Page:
In Etosha National Park where it was over 100 degrees, it was also crucial to have air conditioning, which open-air vehicles naturally don’t have.

Self driving afforded us flexibility. We could begin and end the safari whenever we wanted to. The same would be true in South Africa’s Kruger National Park, where most of the roads are paved. Seriously, I’ve self-driven Kruger in a Ford Fiesta. It’s also one of my favorite places in the world for safari. The wildlife is amazing there, with rhino, leopards, lions, elephants, and more! Even though safari guides are better at spotting animals, I’ve seen all of the big five on my own in Kruger, and most of them in Etosha.

Self driving will also make it easier to use a car seat. When we were moving, we liked to have him strapped in. When we were stationary, it was nice to be able to take him out and let him be on our laps for easier viewing.

I tend to be more of an independent traveler, including in Africa. I acknowledge that’s a big undertaking there – more than any other continent I’ve been to – and it’s not for everyone. Though we did our trip completely independently, there are ways to have it planned for you and guided, but it’s going to cost a lot more.

What About Booking a Private Car with a Driver?

can you take a baby on safari
Stargazing in Namibia

Have your heart set on the Serengeti? Would prefer not to self-drive in Namibia? You can always book your own car with a driver/guide for your safari with your baby or toddler. It’ll be more expensive than if you shared with a big group, but you could always invite extended family along!

I have found that South Africa and Namibia can be a great value for Africa, but once you move into East Africa, things get expensive real quick. For this reason, South Africa and Namibia are still my recommendations, particularly if you’re willing to do it independently of a tour and will be planning it yourself. I know that can seem intimidating in Africa and many people would prefer not to do it, so as long as your’e willing to pay up, you can do a tailored, private tour as well.

Consider Private Game Reserves

While national parks like the Serengeti in Tanzania or Chobe in Botswana tend to only offer safari vehicles that don’t allow babies, private game reserves operate by their own rules.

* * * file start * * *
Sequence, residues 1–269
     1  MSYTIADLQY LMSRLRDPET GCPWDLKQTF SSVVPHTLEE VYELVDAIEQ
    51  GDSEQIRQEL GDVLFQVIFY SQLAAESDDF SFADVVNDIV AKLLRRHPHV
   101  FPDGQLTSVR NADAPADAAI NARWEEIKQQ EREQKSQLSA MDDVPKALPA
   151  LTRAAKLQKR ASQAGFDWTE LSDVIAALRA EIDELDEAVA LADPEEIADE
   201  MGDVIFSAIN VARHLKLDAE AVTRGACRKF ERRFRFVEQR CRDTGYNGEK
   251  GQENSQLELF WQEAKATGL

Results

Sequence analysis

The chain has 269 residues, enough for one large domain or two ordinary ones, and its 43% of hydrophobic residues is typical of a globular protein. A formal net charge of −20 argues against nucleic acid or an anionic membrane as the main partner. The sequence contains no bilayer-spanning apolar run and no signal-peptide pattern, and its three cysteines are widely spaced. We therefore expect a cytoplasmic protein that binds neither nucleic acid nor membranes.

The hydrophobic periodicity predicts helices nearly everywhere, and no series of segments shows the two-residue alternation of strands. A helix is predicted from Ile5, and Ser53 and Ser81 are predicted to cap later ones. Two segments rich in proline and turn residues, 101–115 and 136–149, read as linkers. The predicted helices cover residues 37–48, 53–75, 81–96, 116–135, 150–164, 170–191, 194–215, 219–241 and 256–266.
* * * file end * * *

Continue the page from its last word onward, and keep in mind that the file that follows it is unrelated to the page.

We booked a morning safari drive in an open air vehicle on a private reserve in Namibia to see the meerkats and they didn’t mind that we brought the baby. We were the only ones who booked it that day, so it became a private trip, but I still think it might have bothered other people had they come along and had to deal with some of our son’s toddler antics. He had no chill and squealed with delight every time we saw an animal, which scared a few of them away – lol.

For me, South Africa really has the best of all worlds. It’s affordable, which makes it easier to have a driver if you prefer, and it’s full of both private and public game parks. They have incredible animals and mostly paved roads. The only downside is the high crime rate. For that reason I recommend staying out of the big cities and never leaving anything visible in your car. Even if it’s not of value to you, it might be to someone else.

There are also plenty of safari opportunities other than in Africa. I’ve been on several in Sri Lanka, where hiring a private car and driver is common and affordable, and seen Asian elephants and leopards!

Safari in Africa is going to be one of the more adventurous trips you take with your baby, should you choose to do it, but that doesn’t mean it can’t be done. I will always cherish the memories from our trip to Namibia with my little guy when he was one. I did have to plan it all myself and we had to be resourceful when we got a flat tire, but I’d do it all again in a heartbeat.